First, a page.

DEAR HARRIETTE: I have a friend who means well, but she sometimes says things I take offense to. She will make comments about what I'm eating if she doesn't deem it healthy, and she has told me I could lose a few pounds. She doesn't say it to be malicious, but how can I remedy this without causing drama? She is becoming a broken record.
I have a bit of a weight problem, but I recently started a fitness routine with a trainer, so I'm on it. I would appreciate encouragement rather than constant critiquing. -- Feeling Fat, Jackson, Miss.
DEAR FEELING FAT: Congratulations on taking steps to become healthy. The best thing you can do for yourself is to claim a healthy lifestyle and then maintain it.
This is a lot easier said than done. It requires discipline, focus and consistency. I wish you the courage and conviction to stay the course.
Meanwhile, enroll your friend as a cheerleader. Assure her that you are paying attention to your health, and reveal your new fitness plan to her. Share how excited you are about developing this discipline. Ask her to support you, then describe what support looks like to you. Be sure to tell her that you prefer she not scrutinize your food choices, and that you are uncomfortable when she criticizes you.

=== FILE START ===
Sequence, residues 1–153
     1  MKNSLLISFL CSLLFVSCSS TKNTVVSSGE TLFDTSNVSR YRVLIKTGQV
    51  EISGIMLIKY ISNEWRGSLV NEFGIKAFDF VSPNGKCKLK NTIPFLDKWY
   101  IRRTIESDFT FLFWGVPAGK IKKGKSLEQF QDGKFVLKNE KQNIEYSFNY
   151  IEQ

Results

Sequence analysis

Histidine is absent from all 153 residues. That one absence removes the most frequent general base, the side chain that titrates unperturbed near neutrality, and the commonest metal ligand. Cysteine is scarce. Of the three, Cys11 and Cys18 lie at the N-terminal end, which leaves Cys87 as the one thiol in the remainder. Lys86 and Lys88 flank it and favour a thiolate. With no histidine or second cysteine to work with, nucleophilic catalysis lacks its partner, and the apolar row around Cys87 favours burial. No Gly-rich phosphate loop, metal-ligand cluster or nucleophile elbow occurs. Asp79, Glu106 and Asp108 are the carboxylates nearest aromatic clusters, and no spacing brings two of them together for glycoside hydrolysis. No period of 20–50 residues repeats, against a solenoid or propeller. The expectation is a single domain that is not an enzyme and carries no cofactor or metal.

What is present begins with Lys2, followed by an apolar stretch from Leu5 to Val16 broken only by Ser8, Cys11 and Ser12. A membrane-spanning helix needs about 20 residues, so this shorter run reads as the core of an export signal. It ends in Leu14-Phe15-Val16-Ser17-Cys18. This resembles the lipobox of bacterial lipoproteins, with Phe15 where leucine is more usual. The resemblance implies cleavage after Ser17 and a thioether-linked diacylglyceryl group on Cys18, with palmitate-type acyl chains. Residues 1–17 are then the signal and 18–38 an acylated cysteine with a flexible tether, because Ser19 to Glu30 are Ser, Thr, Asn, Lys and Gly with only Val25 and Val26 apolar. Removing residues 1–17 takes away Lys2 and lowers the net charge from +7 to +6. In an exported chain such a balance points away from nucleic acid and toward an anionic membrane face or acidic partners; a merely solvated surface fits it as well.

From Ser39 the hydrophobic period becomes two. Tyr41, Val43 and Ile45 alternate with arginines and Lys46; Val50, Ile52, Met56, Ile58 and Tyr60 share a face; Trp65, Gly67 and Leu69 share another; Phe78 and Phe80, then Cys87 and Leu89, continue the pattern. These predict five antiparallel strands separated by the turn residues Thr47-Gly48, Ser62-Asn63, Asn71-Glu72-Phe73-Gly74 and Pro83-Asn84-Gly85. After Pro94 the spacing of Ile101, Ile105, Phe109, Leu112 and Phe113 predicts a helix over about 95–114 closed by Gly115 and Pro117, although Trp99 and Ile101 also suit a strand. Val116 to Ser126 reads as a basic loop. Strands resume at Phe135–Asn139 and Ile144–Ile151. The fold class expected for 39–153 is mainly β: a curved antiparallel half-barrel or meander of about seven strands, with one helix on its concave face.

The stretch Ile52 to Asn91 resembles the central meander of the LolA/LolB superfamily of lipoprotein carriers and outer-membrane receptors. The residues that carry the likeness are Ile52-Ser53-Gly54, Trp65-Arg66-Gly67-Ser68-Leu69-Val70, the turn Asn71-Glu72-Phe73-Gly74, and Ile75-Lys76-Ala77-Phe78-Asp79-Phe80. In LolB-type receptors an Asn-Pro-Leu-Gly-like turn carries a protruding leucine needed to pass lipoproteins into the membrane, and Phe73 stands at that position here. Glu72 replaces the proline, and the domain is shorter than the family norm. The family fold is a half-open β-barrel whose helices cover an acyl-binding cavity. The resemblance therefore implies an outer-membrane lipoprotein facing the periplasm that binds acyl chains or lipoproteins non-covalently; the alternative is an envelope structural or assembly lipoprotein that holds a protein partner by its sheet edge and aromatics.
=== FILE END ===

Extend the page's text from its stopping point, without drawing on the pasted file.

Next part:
DEAR HARRIETTE: My mom signs me up for things without asking me. She recently signed me up for a program that will require me to take two days off of a prospective job and stay in a hotel away from home. I told her I didn't want to do it, but she just ignored me and said she knows what's best for me. I'm legally an adult, yet she's treating me like a child. (I do still live at home, and I think that's why she feels she can tell me what to do.)
How can I let her know that I can make my own decisions about whether or not I want to do something? -- Babied, Lake Charles, La.
DEAR BABIED: You need to have a heart-to-heart talk with your mother in which you share with her your hopes, dreams and plans. Tell your mother that you are grateful you are welcome to live in the family home as you begin your life as an adult, but that you want her to begin thinking of you as an adult.
Tell her that you have been working hard to determine how you spend your time. Signing you up for a program without your blessing, however well intentioned, was not respectful of you. Assure your mother that you appreciate her interest in your success. Ask her to support you by talking to you and engaging you in ideas about your future rather than jumping in and making decisions for you.
Please know that it can be challenging for a mother to recognize that her child has become an adult and should make his or her own decisions. You are in a transition period. When you move, it will be easier.